USS Paddle

This photograph was obtained from The WWII Sinking of the “Shinyo Maru” by Gary Dielman.

The captain and the crew of the Paddle were never informed that they had mistakenly sunk a POW ship until after World War II was over.

Long before the sinking of the Shinyo Maru, Miss Evelyn Tarvin had begun to receive letters back in the mail that she had sent to Roy McPeters.  These letters had been mailed between December, 1941 and April, 1942, and were stamped “Return to sender Service Suspended to this Organization”.  At this point Evelyn launched herself on a campaign to try and locate the man she had planned to marry.  Using all the connections that she had through the War Department, she sent out inquiries concerning the sudden disappearance of Roy McPeters and his unit.  For almost a year and a half, she used every contrivance at her employ to determine what had happened.  She would not be deterred.  Finally, in March of 1945, Evelyn received the one letter that she had not wanted to ever see.  It was a devastating letter from the Adjutant General’s office explaining what had taken place.  Now any hope that she had held that Roy might still be alive was dashed.  This brave young lady whose quest had ended with the worst of news was suddenly left with an emptiness where love once lived.  I have enclosed a copy of the last letter that Evelyn received regarding Roy’s disappearance.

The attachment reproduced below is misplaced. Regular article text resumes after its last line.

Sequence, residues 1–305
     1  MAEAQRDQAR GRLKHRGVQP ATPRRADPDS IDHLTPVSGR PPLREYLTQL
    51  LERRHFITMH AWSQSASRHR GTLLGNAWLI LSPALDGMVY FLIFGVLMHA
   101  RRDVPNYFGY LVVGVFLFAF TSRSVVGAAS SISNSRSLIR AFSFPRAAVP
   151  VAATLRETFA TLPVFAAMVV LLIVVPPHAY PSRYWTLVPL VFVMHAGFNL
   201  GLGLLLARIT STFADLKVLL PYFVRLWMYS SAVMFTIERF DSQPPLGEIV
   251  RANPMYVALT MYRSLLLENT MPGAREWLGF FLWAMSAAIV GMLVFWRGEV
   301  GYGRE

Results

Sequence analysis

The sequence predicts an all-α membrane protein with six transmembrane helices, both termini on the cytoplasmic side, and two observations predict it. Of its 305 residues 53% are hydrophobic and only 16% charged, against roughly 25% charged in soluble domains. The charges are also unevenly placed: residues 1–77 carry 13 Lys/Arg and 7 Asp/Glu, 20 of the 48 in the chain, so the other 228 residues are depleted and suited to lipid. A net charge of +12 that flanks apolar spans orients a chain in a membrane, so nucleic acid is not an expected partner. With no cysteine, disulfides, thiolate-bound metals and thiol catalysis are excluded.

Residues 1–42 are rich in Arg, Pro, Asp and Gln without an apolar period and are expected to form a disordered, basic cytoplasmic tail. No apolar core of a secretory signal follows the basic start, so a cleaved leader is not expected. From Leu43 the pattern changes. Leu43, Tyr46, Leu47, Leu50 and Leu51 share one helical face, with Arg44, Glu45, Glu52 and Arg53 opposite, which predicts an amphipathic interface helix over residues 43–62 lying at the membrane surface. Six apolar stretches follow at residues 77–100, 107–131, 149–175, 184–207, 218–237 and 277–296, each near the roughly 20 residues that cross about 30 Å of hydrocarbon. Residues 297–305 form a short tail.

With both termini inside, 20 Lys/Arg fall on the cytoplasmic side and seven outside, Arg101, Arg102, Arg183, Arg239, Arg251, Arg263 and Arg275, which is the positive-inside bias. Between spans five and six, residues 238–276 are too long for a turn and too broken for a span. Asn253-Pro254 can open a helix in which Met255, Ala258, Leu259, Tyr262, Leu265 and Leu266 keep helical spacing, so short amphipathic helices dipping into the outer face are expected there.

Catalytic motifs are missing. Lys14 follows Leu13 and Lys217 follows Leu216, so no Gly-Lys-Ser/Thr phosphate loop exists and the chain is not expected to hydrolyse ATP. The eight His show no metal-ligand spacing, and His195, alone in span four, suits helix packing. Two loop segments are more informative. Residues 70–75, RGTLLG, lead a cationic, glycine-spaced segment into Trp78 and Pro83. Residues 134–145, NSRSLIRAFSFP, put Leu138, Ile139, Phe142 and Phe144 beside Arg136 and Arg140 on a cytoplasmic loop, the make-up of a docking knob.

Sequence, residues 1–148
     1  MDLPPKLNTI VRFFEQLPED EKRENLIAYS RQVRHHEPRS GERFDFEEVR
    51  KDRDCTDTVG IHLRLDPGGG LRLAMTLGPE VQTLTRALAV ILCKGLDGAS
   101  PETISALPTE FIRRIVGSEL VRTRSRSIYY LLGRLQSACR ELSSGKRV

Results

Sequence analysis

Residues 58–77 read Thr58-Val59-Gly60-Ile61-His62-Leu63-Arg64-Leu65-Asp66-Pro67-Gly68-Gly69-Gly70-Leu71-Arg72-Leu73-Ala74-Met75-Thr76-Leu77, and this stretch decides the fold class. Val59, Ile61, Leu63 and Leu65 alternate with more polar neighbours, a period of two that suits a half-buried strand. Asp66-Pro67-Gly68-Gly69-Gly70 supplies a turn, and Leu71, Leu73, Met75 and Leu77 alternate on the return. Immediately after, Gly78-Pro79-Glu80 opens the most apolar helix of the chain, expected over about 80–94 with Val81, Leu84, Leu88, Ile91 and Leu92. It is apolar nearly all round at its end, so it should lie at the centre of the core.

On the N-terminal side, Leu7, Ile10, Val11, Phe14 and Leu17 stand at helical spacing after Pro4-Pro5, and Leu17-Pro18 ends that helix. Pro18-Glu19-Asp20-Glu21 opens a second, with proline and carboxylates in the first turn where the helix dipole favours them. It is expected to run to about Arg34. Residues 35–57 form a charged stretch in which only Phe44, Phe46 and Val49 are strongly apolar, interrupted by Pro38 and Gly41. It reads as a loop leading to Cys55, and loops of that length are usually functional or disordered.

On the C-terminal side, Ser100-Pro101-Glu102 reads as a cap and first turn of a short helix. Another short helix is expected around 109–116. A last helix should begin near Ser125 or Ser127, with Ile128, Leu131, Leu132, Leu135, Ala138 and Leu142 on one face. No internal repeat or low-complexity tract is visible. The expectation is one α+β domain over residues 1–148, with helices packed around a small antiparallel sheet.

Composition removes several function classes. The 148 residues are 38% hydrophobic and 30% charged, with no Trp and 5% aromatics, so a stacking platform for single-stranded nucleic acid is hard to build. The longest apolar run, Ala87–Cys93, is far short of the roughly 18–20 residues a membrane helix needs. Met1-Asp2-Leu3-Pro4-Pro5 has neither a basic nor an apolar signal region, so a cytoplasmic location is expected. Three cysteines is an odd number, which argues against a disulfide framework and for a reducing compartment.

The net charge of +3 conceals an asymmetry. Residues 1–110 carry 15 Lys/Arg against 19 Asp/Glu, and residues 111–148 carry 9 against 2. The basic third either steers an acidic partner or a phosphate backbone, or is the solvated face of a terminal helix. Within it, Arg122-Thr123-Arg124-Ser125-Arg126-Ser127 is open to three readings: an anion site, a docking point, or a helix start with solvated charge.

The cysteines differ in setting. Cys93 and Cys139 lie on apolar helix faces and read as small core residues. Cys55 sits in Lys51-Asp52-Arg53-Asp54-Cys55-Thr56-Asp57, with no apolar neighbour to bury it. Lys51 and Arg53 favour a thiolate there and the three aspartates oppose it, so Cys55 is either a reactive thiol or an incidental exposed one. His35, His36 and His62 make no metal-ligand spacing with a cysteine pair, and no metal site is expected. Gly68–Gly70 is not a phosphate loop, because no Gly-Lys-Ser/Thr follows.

Adjutant General

This letter, obtained from Evelyn’s daughter, was kept by Evelyn until her death in 1965 from Breast Cancer.

In conclusion, there are a few final points I want to make.  First of all, I will take a passage from an article about the Bataan Death March on history.com.  It reads “After the war, an American tribunal tried Lieutenant General Homma Masaharu, commander of the Japanese invasion forces in the Philippines.  He was held responsible for the death march, a war crime, and was executed by firing squad on April 3, 1946.”